The withdrawal approach, on the other hand, consists of an induction phase followed quickly by a dose-reduction phase. Non-pharmacological interventions, such as counseling, are also addressed.

The importance of treatment monitoring is highlighted. During the stabilization phase, patients receiving treatment should be seen at least once a week. Once a stable buprenorphine dose is established, the physician may decide that less frequent visits are acceptable.

Chapter 5—Special Populations considers potential patient groups whose circumstances require careful consideration. These groups include patients with medical or psychiatric disorders, pregnant women, adolescents, older patients, patients who abuse multiple substances, patients with chronic pain, patients recently discharged from controlled environments (e.g., prisons), and health care professionals who are addicted to opioids.

In these cases, treatment often requires collaboration with specialists in other areas of care. For example, physicians who treat adolescents with opioid addiction—but do not specialize in adolescent medicine—are encouraged to consult with specialists in this field. For older patients addicted to opioids, geriatric specialists are recommended.

Chapter 6—Policies and Procedures outlines legal and regulatory issues surrounding opioid addiction treatment. Of particular importance are the qualifications necessary for physicians to prescribe buprenorphine, in compliance with the Drug Addiction Treatment Act of 2000. Physicians must be either board certified in addiction medicine or complete an 8-hour training session to qualify for a waiver from the Controlled Substances Act 21, which restricts the clinical use of opiate drugs to federally licensed addiction treatment clinics. The waiver permits physicians to provide office-based treatment.

This chapter also discusses recommended policies concerning practice, security, and confidentiality of care.

To obtain a copy of TIP 40, Clinical Guidelines for the Use of Buprenorphine in the Treatment of Opioid Addiction, contact SAMHSA's National Clearinghouse for Alcohol and Drug Information at P.O. Box 2345, Rockville, MD 20847-2345. Telephone: 1 (800) 729-6686 (English and Spanish) or 1 (800) 487-4889 (TDD). To check for the availability of TIP 40, visit End of Article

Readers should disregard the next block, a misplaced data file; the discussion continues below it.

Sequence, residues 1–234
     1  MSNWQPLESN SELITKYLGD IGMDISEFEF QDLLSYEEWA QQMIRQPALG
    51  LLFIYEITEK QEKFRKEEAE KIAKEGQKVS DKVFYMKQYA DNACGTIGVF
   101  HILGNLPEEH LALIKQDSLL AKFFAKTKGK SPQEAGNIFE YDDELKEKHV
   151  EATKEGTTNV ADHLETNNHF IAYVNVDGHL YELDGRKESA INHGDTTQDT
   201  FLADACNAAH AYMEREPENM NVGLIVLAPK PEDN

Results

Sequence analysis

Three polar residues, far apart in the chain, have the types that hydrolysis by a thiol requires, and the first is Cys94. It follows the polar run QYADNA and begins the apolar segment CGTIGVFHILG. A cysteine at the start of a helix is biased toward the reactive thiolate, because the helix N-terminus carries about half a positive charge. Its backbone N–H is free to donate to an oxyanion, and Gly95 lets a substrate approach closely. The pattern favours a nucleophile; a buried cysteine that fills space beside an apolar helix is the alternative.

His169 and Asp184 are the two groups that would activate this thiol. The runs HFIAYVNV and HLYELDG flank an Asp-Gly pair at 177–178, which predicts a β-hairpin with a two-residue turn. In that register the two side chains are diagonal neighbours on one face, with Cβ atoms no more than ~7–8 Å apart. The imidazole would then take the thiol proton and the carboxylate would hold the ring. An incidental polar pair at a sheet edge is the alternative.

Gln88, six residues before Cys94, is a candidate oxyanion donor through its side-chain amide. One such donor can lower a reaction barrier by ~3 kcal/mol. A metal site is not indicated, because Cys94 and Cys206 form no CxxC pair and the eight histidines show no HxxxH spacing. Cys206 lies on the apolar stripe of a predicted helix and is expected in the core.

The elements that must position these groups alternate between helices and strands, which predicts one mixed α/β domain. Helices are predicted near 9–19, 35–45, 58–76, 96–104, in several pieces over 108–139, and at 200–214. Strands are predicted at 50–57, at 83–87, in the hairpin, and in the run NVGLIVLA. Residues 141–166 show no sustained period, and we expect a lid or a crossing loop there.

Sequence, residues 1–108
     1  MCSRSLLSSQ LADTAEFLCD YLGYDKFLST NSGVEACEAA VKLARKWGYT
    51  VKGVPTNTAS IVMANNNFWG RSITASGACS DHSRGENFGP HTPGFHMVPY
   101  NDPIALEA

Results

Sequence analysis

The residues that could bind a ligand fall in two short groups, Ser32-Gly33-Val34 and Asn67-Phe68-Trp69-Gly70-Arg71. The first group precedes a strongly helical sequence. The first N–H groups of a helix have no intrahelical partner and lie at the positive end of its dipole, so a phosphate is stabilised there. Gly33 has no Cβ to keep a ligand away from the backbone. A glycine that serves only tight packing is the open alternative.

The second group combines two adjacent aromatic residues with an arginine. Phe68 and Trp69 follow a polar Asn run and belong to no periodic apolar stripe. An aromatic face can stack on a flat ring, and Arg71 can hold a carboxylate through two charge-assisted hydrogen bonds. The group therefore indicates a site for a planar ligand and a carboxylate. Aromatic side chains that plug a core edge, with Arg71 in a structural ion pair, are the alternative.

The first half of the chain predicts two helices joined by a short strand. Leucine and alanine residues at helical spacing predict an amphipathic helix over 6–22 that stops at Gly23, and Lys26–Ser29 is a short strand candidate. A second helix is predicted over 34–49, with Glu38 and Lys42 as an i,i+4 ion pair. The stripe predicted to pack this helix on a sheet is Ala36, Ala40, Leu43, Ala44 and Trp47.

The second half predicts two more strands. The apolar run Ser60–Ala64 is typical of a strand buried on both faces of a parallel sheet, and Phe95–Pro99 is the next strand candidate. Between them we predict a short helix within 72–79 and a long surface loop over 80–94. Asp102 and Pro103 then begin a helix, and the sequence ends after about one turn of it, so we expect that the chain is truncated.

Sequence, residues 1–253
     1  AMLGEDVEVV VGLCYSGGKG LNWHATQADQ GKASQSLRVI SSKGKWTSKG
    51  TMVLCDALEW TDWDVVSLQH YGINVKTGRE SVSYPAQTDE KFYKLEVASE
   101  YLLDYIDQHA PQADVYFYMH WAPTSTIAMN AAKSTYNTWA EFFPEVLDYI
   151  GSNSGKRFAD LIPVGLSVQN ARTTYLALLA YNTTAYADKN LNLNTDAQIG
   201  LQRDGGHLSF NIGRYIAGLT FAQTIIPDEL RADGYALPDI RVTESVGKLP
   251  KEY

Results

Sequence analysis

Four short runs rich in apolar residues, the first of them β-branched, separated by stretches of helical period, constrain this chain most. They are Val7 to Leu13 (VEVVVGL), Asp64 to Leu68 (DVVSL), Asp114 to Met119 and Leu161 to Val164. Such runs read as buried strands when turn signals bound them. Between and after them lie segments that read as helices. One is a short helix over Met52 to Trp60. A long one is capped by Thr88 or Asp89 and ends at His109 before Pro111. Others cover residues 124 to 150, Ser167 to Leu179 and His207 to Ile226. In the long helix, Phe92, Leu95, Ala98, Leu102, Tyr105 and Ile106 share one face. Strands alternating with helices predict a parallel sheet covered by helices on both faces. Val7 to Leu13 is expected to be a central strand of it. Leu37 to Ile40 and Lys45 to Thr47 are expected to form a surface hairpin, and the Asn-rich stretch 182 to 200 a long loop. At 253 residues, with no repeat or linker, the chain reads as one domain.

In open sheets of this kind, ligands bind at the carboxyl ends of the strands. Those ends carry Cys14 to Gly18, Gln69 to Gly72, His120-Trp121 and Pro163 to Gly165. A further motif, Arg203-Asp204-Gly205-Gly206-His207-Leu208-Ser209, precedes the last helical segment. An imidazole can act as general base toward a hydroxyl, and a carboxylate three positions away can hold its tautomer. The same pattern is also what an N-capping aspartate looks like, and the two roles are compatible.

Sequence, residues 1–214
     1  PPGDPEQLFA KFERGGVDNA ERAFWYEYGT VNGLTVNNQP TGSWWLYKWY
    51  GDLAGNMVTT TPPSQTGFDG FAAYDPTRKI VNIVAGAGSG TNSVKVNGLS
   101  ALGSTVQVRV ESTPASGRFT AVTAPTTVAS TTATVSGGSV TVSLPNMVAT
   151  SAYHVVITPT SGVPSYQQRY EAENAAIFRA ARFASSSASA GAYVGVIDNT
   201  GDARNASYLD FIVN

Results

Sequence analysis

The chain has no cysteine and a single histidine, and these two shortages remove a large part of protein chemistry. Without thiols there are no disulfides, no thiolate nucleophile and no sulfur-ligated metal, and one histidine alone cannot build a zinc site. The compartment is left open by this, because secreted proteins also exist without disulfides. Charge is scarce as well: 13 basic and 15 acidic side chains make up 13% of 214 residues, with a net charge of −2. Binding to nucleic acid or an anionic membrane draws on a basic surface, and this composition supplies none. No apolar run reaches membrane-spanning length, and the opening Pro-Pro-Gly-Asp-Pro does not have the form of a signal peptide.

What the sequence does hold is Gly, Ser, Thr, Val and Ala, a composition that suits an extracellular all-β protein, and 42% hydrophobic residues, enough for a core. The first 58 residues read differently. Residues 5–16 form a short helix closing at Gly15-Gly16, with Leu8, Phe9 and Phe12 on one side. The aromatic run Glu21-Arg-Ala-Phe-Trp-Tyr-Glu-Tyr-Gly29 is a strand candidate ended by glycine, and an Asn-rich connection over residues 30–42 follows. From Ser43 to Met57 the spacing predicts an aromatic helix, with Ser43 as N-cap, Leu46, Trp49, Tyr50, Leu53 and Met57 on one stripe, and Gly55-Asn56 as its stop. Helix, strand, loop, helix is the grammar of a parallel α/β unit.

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Inside This Issue

Older Adults: Improving Mental Health Services
  • Part 1
  • Part 2
    Older Adults—Related Content:
  • From the Administrator: Mental Health for Older Americans
  • Resources for Older Adults
  • Targeted Capacity Expansion Sites
  • Countering Stigma
  • Prescription Drugs & Alcohol Don't Mix
  • Increases in Substance Abuse Treatment
      Chart—All Admissions, 2001
  • Safety Tips on Medicines & Alcohol

    Stigma and Mental Illness: SAMHSA Raises Awareness

    SAMHSA Unveils Strategic Prevention Framework

    In Brief…
  • HIPAA Publication
  • Publications in Spanish
  • Children's Program Kit
  • ADSS Cost Study

    Behind the Numbers: SAMHSA's Survey on Drug Use

    For Many Youth, Summer Means First-Time Substance Use
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  • Chart—First Time Substance Use
  • Young Drivers Report

    SAMHSA Releases Updated Directory of Treatment Programs

    Tip 40—Buprenorphine Treatment: Guide for Physicians

    Treatment Admissions Increase for Opiates, Marijuana, Methamphetamine

    Drug-Abusing Mothers Place Their Children at Risk

    Non-medical Use of Prescription Pain Relievers Increases

    Recovery Month Toolkit Now Available

    SAMHSA Revamps Agency Web Site, Improves Usability

    SAMHSA News

    SAMHSA News - July/August 2004, Volume 12, Number 4